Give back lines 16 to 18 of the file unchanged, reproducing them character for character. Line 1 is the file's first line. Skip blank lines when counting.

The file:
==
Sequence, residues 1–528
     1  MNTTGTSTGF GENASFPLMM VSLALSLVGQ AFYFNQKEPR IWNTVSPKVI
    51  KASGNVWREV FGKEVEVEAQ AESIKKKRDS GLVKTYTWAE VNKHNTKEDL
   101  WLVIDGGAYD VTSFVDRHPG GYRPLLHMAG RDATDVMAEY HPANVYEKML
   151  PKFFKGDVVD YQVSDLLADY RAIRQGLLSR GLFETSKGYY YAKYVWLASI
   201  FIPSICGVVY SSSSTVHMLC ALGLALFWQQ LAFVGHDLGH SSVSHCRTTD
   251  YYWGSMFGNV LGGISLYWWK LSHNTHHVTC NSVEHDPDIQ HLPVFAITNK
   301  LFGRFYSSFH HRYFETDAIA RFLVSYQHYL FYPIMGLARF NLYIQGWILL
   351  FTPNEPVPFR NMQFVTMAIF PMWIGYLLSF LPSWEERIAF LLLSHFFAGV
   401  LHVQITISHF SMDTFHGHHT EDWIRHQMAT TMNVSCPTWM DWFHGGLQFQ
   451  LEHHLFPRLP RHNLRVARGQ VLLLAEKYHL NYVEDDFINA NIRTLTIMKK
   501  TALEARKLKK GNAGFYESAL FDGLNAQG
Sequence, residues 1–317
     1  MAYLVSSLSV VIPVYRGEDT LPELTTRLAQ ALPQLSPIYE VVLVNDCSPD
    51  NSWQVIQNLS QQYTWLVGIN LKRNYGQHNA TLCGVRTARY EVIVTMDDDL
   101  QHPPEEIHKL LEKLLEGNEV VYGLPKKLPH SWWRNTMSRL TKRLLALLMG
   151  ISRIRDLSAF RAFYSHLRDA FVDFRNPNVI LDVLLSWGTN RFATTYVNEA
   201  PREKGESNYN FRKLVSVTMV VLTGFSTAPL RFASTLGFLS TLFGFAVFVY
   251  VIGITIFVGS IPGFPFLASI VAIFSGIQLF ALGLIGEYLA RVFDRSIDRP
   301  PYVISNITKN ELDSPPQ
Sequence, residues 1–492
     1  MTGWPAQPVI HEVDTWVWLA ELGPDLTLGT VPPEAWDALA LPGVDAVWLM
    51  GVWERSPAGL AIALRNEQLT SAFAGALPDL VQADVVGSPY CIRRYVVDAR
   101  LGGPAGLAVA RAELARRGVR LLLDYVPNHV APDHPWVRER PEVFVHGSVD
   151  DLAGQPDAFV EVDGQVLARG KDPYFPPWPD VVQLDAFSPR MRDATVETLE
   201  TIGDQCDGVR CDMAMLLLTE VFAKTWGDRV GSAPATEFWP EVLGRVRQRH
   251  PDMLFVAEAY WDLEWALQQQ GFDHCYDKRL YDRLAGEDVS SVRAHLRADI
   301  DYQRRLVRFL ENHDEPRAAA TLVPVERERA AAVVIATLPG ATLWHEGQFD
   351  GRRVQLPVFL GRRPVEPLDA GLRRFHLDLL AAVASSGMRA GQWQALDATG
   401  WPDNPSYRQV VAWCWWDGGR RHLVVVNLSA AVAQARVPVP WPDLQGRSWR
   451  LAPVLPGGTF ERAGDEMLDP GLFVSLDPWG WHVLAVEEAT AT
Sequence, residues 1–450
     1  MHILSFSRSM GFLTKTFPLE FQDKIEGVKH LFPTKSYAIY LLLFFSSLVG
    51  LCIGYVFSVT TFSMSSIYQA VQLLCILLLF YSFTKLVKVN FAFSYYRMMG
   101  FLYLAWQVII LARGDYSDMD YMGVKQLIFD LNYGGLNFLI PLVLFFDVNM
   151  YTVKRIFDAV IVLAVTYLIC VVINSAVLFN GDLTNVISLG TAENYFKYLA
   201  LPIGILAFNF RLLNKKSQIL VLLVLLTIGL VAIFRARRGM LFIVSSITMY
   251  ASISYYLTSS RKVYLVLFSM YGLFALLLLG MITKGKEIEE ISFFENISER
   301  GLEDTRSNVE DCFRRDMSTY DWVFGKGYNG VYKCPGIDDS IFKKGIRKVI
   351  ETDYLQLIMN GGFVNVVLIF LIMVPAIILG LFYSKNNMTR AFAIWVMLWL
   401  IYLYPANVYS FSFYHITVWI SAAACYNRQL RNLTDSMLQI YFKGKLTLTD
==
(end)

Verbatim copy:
   101  QHPPEEIHKL LEKLLEGNEV VYGLPKKLPH SWWRNTMSRL TKRLLALLMG
   151  ISRIRDLSAF RAFYSHLRDA FVDFRNPNVI LDVLLSWGTN RFATTYVNEA
   201  PREKGESNYN FRKLVSVTMV VLTGFSTAPL RFASTLGFLS TLFGFAVFVY